What A One-Hit Wonder Taught Me About Marketing
What A One-Hit Wonder Taught Me About Marketing
by

There’s one phone number that most people can recite, regardless of demographic. And I mean full phone number, not 9-1-1. Think about it for a minute: What’s the one phone number than most everyone you know has in common they can recite without hesitation? 867-5309.

Tommy Tutone’s hit from 1981 emblazoned the number in our minds, and while little more of the song is all that memorable, “867-5309/Jenny” has an incredible marketing lesson buried within it’s one-hit wonderness. The song is the probably drunken announcement of a man who finds the number of a woman written on a bathroom wall. “For a good time, call …” graffiti, while most often a cruel joke, is the ultimate in smart marketing.

Why? Because it hits the relevancy bullseye.

Relevance Bulls EyeIt’s a relevant message, sent to a relevant audience, in a relevant time and in a relevant location.

Drunk guys going to the bathroom in a bar are primed to hear this message, ready to receive it and apt to take action. “For a good time, call 867-5309.”

The magic of marketing, be it social media, digital or even traditional, is to deliver a relevant message to a relevant audience in a relevant location and at the relevant time. This is our challenge.

So what are you doing to make your audience think, “Jenny, I’ve got your number. I’m going to make you mine?” with your product?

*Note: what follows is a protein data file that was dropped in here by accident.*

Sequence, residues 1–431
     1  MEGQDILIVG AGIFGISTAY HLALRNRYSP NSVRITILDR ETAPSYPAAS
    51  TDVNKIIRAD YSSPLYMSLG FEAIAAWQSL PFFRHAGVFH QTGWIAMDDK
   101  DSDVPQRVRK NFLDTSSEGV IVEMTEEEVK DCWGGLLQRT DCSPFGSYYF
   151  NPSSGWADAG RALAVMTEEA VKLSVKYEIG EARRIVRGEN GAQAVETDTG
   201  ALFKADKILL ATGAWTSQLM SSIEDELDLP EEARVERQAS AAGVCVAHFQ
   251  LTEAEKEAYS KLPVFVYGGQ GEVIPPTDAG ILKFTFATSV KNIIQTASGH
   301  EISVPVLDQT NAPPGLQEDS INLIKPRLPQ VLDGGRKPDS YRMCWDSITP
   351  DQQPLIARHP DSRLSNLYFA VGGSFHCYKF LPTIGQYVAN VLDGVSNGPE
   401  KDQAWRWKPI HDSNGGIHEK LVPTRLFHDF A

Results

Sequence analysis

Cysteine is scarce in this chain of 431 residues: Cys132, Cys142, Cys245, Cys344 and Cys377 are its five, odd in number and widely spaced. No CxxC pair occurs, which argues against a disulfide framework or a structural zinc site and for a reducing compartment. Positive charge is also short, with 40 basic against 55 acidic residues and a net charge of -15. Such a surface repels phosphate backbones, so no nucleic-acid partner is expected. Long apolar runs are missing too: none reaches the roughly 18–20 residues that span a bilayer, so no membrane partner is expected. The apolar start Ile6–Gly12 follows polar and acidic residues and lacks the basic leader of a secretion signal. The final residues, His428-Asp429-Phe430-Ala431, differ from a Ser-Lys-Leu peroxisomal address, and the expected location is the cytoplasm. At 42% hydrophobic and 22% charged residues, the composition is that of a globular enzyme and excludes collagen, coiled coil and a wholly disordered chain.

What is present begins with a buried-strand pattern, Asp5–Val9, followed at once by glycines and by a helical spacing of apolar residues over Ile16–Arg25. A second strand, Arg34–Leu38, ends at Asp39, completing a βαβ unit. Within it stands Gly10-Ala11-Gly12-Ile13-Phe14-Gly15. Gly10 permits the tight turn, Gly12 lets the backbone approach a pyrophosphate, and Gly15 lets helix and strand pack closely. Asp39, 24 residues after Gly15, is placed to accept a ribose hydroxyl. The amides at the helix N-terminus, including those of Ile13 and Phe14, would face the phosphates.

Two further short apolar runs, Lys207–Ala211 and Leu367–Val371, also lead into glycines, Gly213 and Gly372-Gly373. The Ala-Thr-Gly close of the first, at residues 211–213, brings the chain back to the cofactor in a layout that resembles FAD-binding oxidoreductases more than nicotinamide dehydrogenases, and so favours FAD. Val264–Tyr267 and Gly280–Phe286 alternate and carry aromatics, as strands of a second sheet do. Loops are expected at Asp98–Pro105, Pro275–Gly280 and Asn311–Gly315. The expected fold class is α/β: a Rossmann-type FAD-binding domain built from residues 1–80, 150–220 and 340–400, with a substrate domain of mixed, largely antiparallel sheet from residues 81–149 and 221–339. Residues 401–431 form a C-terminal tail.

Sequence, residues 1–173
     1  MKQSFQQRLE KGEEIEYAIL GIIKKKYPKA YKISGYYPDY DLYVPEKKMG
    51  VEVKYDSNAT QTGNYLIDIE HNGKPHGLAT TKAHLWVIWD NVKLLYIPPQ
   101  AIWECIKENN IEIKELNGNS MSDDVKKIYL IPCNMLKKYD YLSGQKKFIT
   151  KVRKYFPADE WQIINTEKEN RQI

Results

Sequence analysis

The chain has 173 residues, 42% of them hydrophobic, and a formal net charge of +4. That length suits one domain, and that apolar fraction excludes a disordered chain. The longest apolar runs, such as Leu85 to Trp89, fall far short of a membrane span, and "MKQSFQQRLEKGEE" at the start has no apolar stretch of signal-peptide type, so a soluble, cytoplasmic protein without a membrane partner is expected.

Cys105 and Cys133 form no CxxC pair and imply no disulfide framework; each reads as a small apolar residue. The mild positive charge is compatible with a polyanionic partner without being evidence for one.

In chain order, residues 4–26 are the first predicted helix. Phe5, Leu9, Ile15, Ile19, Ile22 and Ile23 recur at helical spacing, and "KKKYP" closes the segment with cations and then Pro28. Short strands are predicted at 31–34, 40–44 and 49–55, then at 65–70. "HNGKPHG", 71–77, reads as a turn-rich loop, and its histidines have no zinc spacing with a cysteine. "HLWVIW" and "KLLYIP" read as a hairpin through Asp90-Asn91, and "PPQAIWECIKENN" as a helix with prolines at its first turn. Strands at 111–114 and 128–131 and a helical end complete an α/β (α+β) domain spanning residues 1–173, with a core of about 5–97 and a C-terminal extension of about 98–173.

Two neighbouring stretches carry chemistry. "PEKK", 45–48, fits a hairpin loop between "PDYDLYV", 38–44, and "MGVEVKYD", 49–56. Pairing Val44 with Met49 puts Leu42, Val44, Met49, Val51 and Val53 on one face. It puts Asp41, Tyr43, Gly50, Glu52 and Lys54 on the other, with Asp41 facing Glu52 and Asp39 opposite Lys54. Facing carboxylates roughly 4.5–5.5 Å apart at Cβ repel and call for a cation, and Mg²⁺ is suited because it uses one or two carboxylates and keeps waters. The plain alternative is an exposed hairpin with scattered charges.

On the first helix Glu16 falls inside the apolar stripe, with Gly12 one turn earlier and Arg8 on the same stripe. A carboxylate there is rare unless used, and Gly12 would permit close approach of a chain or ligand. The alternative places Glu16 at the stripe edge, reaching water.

The comments, as always, are yours.

About the Author

Jason Falls
Jason Falls is the founder of Social Media Explorer and one of the most notable and outspoken voices in the social media marketing industry. He is a noted marketing keynote speaker, author of two books and unapologetic bourbon aficionado. He can also be found at JasonFalls.com.
  • Anna Pham

    Great inforgraphic with concise yet simple message.

  • Dara Khajavi

    Interesting perspective about a one hit wonder. I remember listening to that song and singing along with friends. It really was an interesting marketing strategy. What did you learn about the artist’s failure after the hit?

  • jes

    I wasn’t even until 6 years after that song came out, and I still know that number by heart.

    • jes

      *wasn’t even born